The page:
Author’s Note: I blame this one entirely on Allen’s Brain, who has always been something of a bad influence on me. (Yes, the title is a pun, as befits a story inspired by such a fiendish mind.)
by H. M. Snow
I say to people how I can take trouble or leave it alone, but in truth I just can’t leave it alone. Trouble loves me, and who am I to turn away an admirer? This time, trouble came in the shape of a blue-eyed blonde. Funny, isn’t it, how that ends up being the case so often. I should have known the first time I laid eyes on that dame, but I just couldn’t read trouble in her pretty face. When I first saw her, she was walking past the windows, looking in like she wished she was one of us. Now, I’ve known plenty of janes before, most of them in the old country, and all of them shared the same tattered and tawdry glamour and glassy stares, quicker to fight than a two-bit welterweight trying to make a name for himself. This dame was different. My eye caught hers. Next thing I knew, she had her hand pressed to the glass in front of me. She had slender fingers, lightly golden like sunrise over still water. I was hooked.
That’s when the trouble started. Somebody threw a bag over my head. I’m still not sure what happened after that, except to know I was shook up pretty bad by the time they dumped me in a little room, unoccupied but for the blonde and me. I reversed as far from her as possible, not knowing what she meant to do next.
She smiled. Those mesmerizing blues held me in their gaze. “You are a looker,” she said. “I’m glad I picked you. What shall I call you, hm?”
“You can call me a cab out of here,” I snarled. “Now.”
The dame acted like she couldn’t hear or understand me. “Beau. That’s what I’ll call you.” She dug around inside a cheap plastic shopping bag and produced a small cannister wrapped in gaudy colors. I thought I saw a mugshot of a cousin of mine on the side of the cannister, just for a second. The blonde unscrewed the lid. “Are you hungry, Beau?” She shook the cannister above me. Whatever was in it hissed a little.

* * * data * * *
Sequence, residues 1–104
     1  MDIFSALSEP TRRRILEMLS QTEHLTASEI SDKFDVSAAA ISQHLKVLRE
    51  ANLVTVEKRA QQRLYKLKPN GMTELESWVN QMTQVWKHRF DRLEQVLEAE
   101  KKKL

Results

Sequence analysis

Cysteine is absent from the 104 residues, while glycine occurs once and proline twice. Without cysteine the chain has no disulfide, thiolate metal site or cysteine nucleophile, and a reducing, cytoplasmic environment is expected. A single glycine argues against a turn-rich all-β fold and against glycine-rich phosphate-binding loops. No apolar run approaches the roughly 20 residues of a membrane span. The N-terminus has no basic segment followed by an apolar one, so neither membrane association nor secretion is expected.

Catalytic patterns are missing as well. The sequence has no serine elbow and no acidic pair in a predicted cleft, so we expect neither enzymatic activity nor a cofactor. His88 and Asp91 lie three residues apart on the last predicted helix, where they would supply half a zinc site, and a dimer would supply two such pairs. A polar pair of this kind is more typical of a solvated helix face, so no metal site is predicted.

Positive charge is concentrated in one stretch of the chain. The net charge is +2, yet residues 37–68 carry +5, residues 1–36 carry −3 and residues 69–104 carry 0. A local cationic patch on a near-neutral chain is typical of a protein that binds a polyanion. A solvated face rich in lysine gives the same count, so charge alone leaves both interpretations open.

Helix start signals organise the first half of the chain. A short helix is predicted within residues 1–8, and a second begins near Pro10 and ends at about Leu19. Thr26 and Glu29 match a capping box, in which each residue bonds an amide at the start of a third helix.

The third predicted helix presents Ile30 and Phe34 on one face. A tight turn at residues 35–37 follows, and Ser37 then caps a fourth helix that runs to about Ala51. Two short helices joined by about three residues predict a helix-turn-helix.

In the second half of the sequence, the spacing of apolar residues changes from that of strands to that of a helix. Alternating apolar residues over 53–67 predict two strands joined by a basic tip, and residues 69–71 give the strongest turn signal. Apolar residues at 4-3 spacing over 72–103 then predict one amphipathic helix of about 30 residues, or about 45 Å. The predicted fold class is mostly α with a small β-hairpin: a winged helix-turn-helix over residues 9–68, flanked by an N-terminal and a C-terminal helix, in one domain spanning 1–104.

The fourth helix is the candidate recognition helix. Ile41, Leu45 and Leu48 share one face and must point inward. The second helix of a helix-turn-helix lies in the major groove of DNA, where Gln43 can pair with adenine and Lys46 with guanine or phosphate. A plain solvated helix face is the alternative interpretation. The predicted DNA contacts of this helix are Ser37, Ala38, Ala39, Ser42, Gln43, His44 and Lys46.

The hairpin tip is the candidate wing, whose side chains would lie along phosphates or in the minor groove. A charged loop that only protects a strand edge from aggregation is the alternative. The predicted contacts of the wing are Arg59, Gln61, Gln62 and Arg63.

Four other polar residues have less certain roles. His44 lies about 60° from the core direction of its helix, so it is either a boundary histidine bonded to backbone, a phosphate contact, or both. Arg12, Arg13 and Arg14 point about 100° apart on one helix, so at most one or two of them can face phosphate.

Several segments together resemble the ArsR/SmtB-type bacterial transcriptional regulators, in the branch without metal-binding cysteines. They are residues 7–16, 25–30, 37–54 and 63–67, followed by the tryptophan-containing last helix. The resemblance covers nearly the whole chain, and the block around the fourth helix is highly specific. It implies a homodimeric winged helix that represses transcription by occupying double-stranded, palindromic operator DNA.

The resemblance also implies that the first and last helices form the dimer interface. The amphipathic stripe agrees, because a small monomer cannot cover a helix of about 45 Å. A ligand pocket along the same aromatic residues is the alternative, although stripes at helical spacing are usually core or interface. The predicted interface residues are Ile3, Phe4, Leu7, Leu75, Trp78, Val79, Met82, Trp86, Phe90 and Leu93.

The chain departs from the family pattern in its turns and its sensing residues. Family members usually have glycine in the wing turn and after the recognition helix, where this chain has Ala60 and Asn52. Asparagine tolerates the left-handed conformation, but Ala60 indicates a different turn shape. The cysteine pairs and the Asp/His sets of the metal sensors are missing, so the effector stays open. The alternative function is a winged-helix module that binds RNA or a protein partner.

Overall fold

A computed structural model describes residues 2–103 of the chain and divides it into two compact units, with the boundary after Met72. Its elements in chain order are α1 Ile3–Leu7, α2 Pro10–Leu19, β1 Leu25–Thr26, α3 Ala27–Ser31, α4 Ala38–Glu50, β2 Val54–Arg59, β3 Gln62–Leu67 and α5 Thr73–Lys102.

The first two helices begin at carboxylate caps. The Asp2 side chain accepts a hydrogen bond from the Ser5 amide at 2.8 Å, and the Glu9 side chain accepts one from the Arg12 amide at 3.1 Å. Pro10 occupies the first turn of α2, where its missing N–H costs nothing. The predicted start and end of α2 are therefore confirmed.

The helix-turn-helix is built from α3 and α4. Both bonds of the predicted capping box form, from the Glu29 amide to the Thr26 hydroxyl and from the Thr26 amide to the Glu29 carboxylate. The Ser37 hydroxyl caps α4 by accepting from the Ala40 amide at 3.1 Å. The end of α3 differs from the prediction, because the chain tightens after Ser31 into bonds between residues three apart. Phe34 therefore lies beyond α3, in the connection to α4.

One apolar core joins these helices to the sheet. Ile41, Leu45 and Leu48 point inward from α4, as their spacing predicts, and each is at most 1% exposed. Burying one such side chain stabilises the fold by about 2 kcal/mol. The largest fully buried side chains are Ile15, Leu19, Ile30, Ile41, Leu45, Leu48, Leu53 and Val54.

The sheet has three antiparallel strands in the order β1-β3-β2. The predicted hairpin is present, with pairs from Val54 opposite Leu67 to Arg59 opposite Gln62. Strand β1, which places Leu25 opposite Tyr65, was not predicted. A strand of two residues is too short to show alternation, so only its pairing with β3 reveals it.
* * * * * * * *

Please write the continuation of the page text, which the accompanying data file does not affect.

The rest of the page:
My brain jumped to, Snake! and sent my body shooting across to the opposite corner of the room. I didn’t feel any easier in my mind when I saw nothing but a couple grains of food floating down toward me. I’d heard stories of dolls who like to slip a little something into a guy’s food. I’m no chump. I stayed away from the food, though my gut was hollow and my mouth couldn’t recall the last time it tasted a morsel.
The blonde kept watching me. After a few minutes, she got bored with that, turned away and set about straightening the rest of the place. That was the first time I gave a thought to what was outside my little cell. It wasn’t a palace, that’s for sure. One cramped closet stood open to reveal clothes on hangers jammed together inside it. A heap of shoes lay at the bottom of the closet. Across from the closet was a bed, covers rumpled. My cell stood on a bedside table, or something like a table, with a potted sansevieria overshadowing me. The wall opposite me had a tiny window, but that was no help to me because of the drawn curtains.
When she was done straightening, the blonde stretched out on her bed. She put in a call to somebody, as if I wasn’t there to overhear. “I did it,” she declared. “I got one. Come over sometime and have a look at him. I named him Beau. He’s cute.”
Cute, eh? I thought with a chuckle. That dame didn’t know what she’d got herself into– me, a fighter from way back, a champion fighter back in the old country. Hadn’t they kept me separate from the rest of my kin, due to all the fights I won? And I won without taking a single scar, except on my forehead where I tackled big Aran head-first that time. ‘Cute’ indeed. The fighting instinct went to my head. I crouched down low, gathered my strength, and shot up as high as I could and as fast as I could. It was easy to clear the surface.
The blonde screamed as I leaped out of my cell and hurtled toward the window. The table was higher than I’d calculated, though, and I fell a long way, fell real bad. The floor hit me like a headbutt to the belly and knocked the wind right out of me. I writhed and fought for breath on the carpet.
“Beau!” The blonde knelt beside me. Her delicate golden-tanned fingers scooped me up and carried me back to the cell, lowered me into the water, lingered in a worried caress. All the while, she crooned over me like I was her only baby. She picked up a pierced metal panel and laid it over the top of my cell. Drying her hands on her thighs, she retrieved the phone from where she had dropped it in her panic. “He jumped! I forgot to put the cover on the tank, and he jumped straight out! I didn’t know bettas could do that! It startled me. He looks okay now, though. I’m glad. Yeah, it was amazing! Straight up and over, like it was nothing to him.”
What a dame. She’s going to take some watching. That’s when I started to think, Maybe this setup isn’t so bad after all. I mean, who am I to say no to trouble? Trouble loves me.